Breaking Into the Digital Ad World

By Aaron Goldman, VP Marketing & Strategic Partnerships

A few weeks ago I sat on the Advertising Career Night panel at University of Illinois in Champaign-Urbana. Later today, I’ll be joining the Digital Marketing Career Panel at Loyola in Chicago. When I participate in these kinds of events I’m always surprised by how little institutional knowledge there is regarding the online advertising space at today’s colleges and universities.

So what’s holding academia back? Well, quite simply, there are very few people with “real world” digital marketing experience that are in a position (or would be willing to forego the money they’re making) to become a college professor and build out an interactive marketing curriculum. And there are very few comprehensive resources available to guide such a track. By the time anyone published an online marketing textbook it would be out of date.

So what are the nubile young minds of tomorrow to do if they have aspirations of breaking into the digital ad world? Here are a few tips:
1. Take as many diverse classes as your major allows. Connecting brands with consumers online takes a keen understanding of different mindsets, cultures, technologies, etc. We are looking for well-rounded people that we can train in our area of expertise. We can teach search. We can’t teach diverse experience.
2. Experiment on the web. Get in deep with MySpace or Facebook, if you’re not already. Join LinkedIn. Create a Google Gadget. Customize your Yahoo homepage. Start a blog, burn a feed, and use Google Analytics to monitor your traffic.
3. Read the online marketing trades. Media Post, iMediaConnection, ClickZ and others are great sources of the latest news and commentary. And Ad Age, AdWeek, DM News and others all provide solid coverage of the interactive space.
4. Network with industry professionals. I can’t emphasize this point enough. Seek out people who work in the space and pick their brains. Offer to buy them lunch or ask for an informational interview. And stay in touch with them. Send them relevant articles you’ve read about their clients or their client’s competitors. Give them a reason to want to talk with you.
5. Land an internship. Most interactive agencies and online media companies do not have standardized internship programs. At Resolution Media, we’ve had paid summer interns for the past couple years but we’re in the minority. That said, go to a company that interests you and offer to intern for them. And, if you can make it work financially, offer to do it for free! I don’t know anyone that would turn down an offer for free help given how much work and how little time we all have.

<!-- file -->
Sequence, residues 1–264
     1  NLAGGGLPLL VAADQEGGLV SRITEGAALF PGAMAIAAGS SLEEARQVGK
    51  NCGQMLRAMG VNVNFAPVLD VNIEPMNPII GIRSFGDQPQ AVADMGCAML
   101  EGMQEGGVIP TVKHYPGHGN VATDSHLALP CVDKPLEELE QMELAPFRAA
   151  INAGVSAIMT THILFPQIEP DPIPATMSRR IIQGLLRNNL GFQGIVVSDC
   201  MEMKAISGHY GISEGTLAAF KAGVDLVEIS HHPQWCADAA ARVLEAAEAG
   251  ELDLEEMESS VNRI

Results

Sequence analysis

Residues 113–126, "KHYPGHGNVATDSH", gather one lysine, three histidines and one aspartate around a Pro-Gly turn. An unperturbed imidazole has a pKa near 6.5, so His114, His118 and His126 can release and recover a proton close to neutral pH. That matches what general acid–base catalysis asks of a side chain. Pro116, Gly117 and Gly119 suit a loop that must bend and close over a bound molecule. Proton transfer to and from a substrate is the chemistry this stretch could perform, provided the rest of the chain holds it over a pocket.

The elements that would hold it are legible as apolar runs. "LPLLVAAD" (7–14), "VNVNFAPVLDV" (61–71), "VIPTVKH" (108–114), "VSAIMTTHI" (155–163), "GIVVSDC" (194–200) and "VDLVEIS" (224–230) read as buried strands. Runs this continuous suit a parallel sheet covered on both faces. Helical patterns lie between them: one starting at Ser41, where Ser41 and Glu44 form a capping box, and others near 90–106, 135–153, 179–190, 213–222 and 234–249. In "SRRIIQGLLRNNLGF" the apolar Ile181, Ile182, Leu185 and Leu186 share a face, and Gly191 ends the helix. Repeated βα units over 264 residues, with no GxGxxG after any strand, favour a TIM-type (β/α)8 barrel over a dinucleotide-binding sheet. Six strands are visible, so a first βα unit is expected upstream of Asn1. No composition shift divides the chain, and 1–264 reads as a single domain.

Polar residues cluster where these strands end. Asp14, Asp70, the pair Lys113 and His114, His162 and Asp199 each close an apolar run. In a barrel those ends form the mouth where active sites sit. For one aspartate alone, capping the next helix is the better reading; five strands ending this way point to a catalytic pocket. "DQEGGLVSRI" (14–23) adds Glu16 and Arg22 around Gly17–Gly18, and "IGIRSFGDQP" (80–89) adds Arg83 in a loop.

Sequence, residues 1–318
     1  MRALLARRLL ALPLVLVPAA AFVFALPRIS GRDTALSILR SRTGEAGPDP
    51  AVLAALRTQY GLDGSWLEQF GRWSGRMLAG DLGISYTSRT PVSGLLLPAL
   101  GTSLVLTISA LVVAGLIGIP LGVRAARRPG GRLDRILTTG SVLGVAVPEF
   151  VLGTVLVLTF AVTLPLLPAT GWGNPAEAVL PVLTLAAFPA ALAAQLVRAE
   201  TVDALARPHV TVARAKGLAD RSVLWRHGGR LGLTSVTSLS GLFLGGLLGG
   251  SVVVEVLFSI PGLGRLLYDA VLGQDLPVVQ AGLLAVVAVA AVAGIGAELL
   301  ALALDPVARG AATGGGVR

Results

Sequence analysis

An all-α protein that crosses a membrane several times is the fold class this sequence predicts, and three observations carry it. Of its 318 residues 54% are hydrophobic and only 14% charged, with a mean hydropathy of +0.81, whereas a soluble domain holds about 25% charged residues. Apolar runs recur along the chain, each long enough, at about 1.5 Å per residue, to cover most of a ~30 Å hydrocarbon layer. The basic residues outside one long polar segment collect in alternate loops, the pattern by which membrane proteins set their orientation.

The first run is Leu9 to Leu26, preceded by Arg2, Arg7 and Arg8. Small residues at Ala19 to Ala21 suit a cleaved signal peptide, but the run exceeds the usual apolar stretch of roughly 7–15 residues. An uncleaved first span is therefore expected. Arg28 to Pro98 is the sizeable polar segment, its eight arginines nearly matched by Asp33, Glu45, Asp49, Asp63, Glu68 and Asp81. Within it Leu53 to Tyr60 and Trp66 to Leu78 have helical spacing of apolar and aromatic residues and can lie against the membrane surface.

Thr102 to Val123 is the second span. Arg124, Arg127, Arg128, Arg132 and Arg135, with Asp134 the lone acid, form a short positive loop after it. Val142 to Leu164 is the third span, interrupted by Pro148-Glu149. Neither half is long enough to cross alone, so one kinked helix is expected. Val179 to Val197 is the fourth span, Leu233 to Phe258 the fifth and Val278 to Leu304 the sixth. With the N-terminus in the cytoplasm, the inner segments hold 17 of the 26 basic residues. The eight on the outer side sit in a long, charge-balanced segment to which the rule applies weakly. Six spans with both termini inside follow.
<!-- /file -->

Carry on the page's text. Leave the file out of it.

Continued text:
At Resolution Media, we’re not waiting around for higher education to start churning out digital media rockstars. So we’ve developed an extensive orientation program and ongoing learning and development culture that allows us to take smart, eager individuals and put them on a path towards building our clients’ businesses as well as their personal careers. So far this formula is working. But it sure would be nice to be able to start hiring interactive advertising majors. Until then, we’ll be on the lookout for folks that can check the boxes above.

Posted by: Aaron Goldman, VP Marketing & Strategic Partnerships


Dave McAnally said...

No doubt...that's always been a mystery to me how higher education can completely sidestep a 10+ billion a year industry like they do and still herald mass marketing concepts that have been dead for most companies (save for the largest of the large) for years.

But in a way, I kind of like the idea that search hasn't reached the upper education world yet. Compared to more offline/traditional marketing fields, it seems like SEM gets more people involved because they are truly excited about what's going on. I reserve the right to be wrong, but I would be willing to throw the hypothesis out there that if it colleges offered minors or even majors in Search Marketing, you'd have a horde of kids coming into the business because they have this 'degree' they earned because it's growing fast and there's a salary to be made. I say that because from what I've seen in my life, colleges tend to promote degrees and such based on earnings potential. I'm a lot less interested in working with people primarily motivated by collecting a paycheck (not that the industry is entirely null and void of that lot of folks) and more by people who do this because it's what excites them.

That said, you're advice is spot on for people looking to dive in

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